At this point you should have google account, google compute engine account with at least one project inside. You need a project ID to log in into it.
Now you are able to login and to create first VM instance in this project. Read more »
Today ended my experiment with Livefyre comment system on this blog. Somehow it was a hype, but it not realy boosted comment on my blog. Now i think there is more disadvantages than advantages to this system and it’s time to change. I’m also not realy exitet about DISQUS, because the native WordPress commenting system is quite good with a set of addtional plugins.
But before i’ll go back to this, i give DISQUS a try. I don’t know exactly if there are hidden configuration tricks in 2014, please give me a hint if there are any tipps. I’m unsure about quality of WP- Plugin. I hope it is SEO friendly out of the box and syncronizes every comment back to my wordpress.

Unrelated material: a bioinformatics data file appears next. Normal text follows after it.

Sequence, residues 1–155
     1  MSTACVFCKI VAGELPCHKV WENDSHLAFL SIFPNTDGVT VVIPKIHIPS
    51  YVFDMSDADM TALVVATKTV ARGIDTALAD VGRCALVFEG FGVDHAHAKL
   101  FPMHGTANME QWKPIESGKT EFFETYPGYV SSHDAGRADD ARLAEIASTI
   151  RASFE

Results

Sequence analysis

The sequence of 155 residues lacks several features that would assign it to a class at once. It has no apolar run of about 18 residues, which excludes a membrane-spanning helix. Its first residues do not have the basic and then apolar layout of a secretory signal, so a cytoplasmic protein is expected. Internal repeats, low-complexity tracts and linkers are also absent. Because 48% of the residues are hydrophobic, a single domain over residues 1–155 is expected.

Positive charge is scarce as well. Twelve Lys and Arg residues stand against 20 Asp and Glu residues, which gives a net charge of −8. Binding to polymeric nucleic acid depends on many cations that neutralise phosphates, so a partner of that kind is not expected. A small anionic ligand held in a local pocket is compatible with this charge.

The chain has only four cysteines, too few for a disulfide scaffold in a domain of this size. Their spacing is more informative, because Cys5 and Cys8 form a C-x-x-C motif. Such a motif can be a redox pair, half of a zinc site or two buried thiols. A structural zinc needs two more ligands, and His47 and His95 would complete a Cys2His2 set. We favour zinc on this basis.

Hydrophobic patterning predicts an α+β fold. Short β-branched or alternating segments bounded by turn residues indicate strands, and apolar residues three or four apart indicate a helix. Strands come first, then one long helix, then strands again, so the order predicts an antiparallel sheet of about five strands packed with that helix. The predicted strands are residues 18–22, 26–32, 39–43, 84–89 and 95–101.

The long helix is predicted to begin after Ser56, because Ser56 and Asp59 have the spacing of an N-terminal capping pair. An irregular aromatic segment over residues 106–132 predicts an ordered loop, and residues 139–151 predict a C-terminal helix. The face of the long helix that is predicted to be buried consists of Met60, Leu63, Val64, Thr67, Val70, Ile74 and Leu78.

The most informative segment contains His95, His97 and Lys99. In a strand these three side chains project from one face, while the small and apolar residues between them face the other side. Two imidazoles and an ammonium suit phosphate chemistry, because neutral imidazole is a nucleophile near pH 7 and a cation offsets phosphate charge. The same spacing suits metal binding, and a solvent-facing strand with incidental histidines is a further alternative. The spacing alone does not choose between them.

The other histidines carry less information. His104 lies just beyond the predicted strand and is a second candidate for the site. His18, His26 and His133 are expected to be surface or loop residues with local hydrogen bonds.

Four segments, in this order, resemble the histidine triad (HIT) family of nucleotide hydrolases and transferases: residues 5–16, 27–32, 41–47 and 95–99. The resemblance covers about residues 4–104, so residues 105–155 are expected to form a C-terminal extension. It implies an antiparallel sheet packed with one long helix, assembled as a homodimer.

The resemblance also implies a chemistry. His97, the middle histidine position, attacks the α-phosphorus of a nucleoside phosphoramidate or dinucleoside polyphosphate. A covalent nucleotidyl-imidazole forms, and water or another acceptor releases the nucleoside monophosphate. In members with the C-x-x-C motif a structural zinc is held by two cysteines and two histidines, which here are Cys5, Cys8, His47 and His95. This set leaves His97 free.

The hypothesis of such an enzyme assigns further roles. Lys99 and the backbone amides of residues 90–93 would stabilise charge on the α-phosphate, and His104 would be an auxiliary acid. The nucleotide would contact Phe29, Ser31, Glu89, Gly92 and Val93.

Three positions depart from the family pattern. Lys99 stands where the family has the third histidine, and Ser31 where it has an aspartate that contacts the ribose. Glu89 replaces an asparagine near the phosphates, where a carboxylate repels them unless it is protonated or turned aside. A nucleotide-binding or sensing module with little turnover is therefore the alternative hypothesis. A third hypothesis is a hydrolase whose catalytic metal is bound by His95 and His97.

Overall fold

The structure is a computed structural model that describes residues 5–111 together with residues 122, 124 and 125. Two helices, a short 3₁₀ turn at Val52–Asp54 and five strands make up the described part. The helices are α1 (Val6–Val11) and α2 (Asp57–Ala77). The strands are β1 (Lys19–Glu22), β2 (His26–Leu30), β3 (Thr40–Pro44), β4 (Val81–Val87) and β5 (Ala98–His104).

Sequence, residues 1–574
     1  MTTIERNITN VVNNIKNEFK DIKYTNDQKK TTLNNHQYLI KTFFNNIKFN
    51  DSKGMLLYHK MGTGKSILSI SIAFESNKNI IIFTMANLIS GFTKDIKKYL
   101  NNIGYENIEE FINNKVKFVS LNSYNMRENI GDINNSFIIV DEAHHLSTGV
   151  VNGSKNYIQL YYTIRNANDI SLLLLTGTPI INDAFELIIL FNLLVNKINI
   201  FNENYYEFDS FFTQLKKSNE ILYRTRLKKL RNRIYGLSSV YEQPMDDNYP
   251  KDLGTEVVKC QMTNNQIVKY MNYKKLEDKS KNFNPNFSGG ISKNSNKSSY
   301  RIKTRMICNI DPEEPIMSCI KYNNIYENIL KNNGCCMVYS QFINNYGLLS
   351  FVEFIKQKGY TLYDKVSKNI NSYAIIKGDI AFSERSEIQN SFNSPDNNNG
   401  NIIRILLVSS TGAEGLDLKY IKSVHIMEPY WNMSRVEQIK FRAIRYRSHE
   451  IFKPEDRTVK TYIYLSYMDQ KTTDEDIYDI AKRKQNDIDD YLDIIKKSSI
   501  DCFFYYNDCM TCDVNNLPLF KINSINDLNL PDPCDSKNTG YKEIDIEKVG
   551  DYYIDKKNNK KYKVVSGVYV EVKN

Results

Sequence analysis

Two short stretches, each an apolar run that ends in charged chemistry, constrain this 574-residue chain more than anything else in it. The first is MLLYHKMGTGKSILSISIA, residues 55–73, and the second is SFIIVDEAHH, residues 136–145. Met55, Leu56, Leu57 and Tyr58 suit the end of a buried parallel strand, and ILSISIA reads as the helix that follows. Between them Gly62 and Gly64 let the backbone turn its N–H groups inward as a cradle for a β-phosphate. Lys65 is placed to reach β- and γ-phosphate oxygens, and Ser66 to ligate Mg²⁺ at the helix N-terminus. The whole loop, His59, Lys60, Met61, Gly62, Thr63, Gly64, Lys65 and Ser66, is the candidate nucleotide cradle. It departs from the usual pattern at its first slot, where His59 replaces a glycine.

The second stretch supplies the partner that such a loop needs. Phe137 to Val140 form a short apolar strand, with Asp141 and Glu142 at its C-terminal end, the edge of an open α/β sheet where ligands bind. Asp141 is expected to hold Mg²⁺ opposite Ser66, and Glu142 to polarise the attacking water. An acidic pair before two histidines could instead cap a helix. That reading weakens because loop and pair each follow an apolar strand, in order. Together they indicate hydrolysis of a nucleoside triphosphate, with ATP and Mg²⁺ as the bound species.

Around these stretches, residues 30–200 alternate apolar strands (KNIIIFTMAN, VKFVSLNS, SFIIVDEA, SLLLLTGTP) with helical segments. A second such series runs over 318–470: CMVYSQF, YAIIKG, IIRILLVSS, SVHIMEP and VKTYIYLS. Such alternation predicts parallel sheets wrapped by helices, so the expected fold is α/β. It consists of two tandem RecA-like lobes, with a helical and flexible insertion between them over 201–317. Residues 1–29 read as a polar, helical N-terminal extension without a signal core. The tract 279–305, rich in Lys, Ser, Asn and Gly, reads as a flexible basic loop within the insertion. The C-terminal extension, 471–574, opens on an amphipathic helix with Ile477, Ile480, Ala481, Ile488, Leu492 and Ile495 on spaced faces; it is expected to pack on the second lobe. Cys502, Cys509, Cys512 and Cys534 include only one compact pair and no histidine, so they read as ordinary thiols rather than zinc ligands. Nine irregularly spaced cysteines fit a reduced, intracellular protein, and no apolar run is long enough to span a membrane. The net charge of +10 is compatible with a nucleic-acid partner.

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It’s been a while since my last post, which was last year. Currently i’m diving in to Docker. Docker is like Vagrant but for Linux Containers (LXC). Both tools are amazing. However this article is not mentioned to help you with a decision of using Linux Containers instead of VM’s. There is a lot of information in the internet to this. If you think LXC could be interesting for you, then you maybe will also love Docker.
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My last post was about Cassandra Set Up. Current article discusses Cassandras data model and objects. In essence Cassandra is a hybrid between a key-value and a column-oriented NoSQL databases. Key value nature is represented by a row object, in which value would be generally organized in columns. In short, cassandra knows following objects
- Keyspace can be seen as DB Schema in SQL.
- Column family resembles a table in SQL world (read below this analogy is misleading)
- Row has a key and as a value a set of Cassandra columns. But without relational schema corset.
- Column is a triplet := (name, value, timestamp).
- Super column is a tupel := (name, collection of columns).